> But I'm not sure that adds anything to readability. I don't think this is
> a huge problem, since as somebody already pointed out, you can always
> group declarations with the same attributes together and type the
> attribute just once (this is not Java :).

That doesn't look too bad, but if *all* attributes are in the @-namespace, then we *really* should keep user-defined annotations out of it.

-Lars
January 28, 2010
Lars T. Kyllingstad wrote:

> In the "Function calls" thread the question of "which attributes should be in the @-namespace" has again come up.
>
>
> Problem:
> Currently, there doesn't seem to be any clear definition of which
> attributes should be prefixed with @ and which shouldn't.  New
> attributes get an @, while already existing attributes don't, and it all
> seems a bit arbitrary.  Then again, we probably don't want *all*
> attributes to be written with @, as that would just make code look messy:

To me attributes can make the code look uglier and, as pointed out, there there really is no clear seperation.

So in my opinion, to keep the code looking clean attributes should only include those for the function, not its parameters. This prevents in, out, ref, const, etc. and allows for @safe, @property, etc.

If a delegate is a parameter than attributes would of course be ok in the parameter since they apply to a function.

January 28, 2010
Lars T. Kyllingstad, el 28 de enero a las 15:38 me escribiste:
> >I think all D attributes should have the @, if you have a bunch of them, maybe there should be a way to group them, like:
> >
> >     @(safe nothrow private property) int foo() { ... }
> >
> >But I'm not sure that adds anything to readability. I don't think this is a huge problem, since as somebody already pointed out, you can always group declarations with the same attributes together and type the attribute just once (this is not Java :).
> 
> That doesn't look too bad, but if *all* attributes are in the @-namespace, then we *really* should keep user-defined annotations out of it.

I don't know, maybe you're right.

(thinking out loud, what's next can be a load of crap, be warned :)

User defined annotation can have namespaces though:
import foo;

@foo.bar f() {
	// ...
}

But if foo gets introduced in the future as a language feature, you're doom. Maybe attributes should be always "imported" and be subject to lookup rules just like regular funcions?

static import std.attr; // standard
import std.safe: trusted; // standard
import foo: public; // non-standard

@std.attr.nothrow @trusted @public f();


It is a radical change, so I don't expect it to be in D2 of course.

--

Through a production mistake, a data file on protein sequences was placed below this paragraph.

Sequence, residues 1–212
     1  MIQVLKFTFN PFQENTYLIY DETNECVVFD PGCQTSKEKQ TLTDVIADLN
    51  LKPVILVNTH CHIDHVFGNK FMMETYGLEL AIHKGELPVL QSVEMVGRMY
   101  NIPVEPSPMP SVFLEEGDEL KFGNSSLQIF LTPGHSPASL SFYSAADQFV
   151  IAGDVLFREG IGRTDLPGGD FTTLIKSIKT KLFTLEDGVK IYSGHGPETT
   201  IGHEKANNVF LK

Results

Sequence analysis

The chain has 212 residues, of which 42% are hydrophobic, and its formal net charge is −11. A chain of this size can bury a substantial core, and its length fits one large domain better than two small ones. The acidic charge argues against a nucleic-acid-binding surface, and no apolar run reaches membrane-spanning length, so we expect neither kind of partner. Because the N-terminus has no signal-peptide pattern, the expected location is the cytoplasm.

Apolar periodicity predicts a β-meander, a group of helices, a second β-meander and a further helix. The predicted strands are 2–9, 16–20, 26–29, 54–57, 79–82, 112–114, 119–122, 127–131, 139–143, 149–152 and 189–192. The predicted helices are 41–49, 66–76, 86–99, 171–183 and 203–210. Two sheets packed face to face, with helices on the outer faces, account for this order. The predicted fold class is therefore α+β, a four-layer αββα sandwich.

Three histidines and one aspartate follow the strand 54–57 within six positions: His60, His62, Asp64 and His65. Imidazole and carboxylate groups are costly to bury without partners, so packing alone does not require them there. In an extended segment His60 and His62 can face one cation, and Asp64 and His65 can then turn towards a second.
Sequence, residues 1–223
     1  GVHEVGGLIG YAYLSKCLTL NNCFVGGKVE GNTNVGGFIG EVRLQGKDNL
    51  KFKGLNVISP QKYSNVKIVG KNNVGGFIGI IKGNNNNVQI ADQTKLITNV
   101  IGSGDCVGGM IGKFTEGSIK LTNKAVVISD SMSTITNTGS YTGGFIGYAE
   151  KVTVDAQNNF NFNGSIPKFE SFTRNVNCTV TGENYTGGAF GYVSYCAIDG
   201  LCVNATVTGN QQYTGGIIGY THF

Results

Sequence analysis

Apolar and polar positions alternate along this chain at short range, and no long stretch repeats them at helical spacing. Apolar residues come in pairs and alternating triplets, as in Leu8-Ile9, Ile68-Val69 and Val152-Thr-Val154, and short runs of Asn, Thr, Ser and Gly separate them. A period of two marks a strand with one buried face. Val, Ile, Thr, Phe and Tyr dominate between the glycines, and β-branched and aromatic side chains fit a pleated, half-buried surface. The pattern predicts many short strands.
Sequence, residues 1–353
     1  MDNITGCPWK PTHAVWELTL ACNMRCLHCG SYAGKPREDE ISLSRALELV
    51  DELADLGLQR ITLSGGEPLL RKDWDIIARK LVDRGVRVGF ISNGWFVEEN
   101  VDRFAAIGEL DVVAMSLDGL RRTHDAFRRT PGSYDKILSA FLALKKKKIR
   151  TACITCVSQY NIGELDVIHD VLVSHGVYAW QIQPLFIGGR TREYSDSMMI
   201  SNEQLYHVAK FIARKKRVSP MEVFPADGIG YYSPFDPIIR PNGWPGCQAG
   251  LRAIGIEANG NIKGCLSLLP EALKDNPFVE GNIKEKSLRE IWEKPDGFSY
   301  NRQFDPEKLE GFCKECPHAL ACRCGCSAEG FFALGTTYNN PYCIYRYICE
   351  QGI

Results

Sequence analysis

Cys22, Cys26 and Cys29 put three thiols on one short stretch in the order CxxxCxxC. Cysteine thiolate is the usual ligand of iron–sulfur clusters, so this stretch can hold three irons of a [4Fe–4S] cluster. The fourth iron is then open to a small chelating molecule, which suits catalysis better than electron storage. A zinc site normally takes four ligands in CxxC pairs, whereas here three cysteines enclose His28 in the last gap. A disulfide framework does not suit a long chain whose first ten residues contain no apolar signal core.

Leandro Lucarella (AKA luca)                     http://llucax.com.ar/
----------------------------------------------------------------------
GPG Key: 5F5A8D05 (F8CD F9A7 BF00 5431 4145  104C 949E BFB6 5F5A 8D05)
----------------------------------------------------------------------
January 28, 2010
Jesse Phillips, el 28 de enero a las 15:39 me escribiste:
> Lars T. Kyllingstad wrote:
> 
> > In the "Function calls" thread the question of "which attributes should be in the @-namespace" has again come up.
> >
> >
> > Problem:
> > Currently, there doesn't seem to be any clear definition of which
> > attributes should be prefixed with @ and which shouldn't.  New
> > attributes get an @, while already existing attributes don't, and it all
> > seems a bit arbitrary.  Then again, we probably don't want *all*
> > attributes to be written with @, as that would just make code look messy:
> 
> To me attributes can make the code look uglier and, as pointed out, there there really is no clear seperation.
> 
> So in my opinion, to keep the code looking clean attributes should only include those for the function, not its parameters. This prevents in, out, ref, const, etc. and allows for @safe, @property, etc.

D attributes[1] can't be part of parameters. That are InOut "modifiers" or storage classes[2] (there are some overlapping between the two, for example the keyword const is a storage class *and* an attribute, that can be the cause of confusion).

[1] http://www.digitalmars.com/d/2.0/attribute.html
[2] http://www.digitalmars.com/d/2.0/declaration.html

-- 
Leandro Lucarella (AKA luca)                     http://llucax.com.ar/
----------------------------------------------------------------------
GPG Key: 5F5A8D05 (F8CD F9A7 BF00 5431 4145  104C 949E BFB6 5F5A 8D05)
----------------------------------------------------------------------
January 28, 2010
Lars T. Kyllingstad Wrote:

> In the "Function calls" thread the question of "which attributes should be in the @-namespace" has again come up.
> 
> 
> Problem:
> Currently, there doesn't seem to be any clear definition of which
> attributes should be prefixed with @ and which shouldn't.  New
> attributes get an @, while already existing attributes don't, and it all
> seems a bit arbitrary.  Then again, we probably don't want *all*
> attributes to be written with @, as that would just make code look messy:
> 
>      @safe @nothrow @private @property int foo() { ... }

I'm not saying D should do this, but in my opinion placing those things before function name and return type isn't very readable once you get more than two modifiers, regardless of whether you use @ or not. Compare:

int foo() safe nothrow private property { ... }

This is especially true if you have user-defined attributes, because you no longer have to think about where is return type name and where is the attribute. The method signature is visually separated by the parenthesis:

SomeType foo() private somethingable { ... }
vs
@somethingable private SomeType foo() { ... }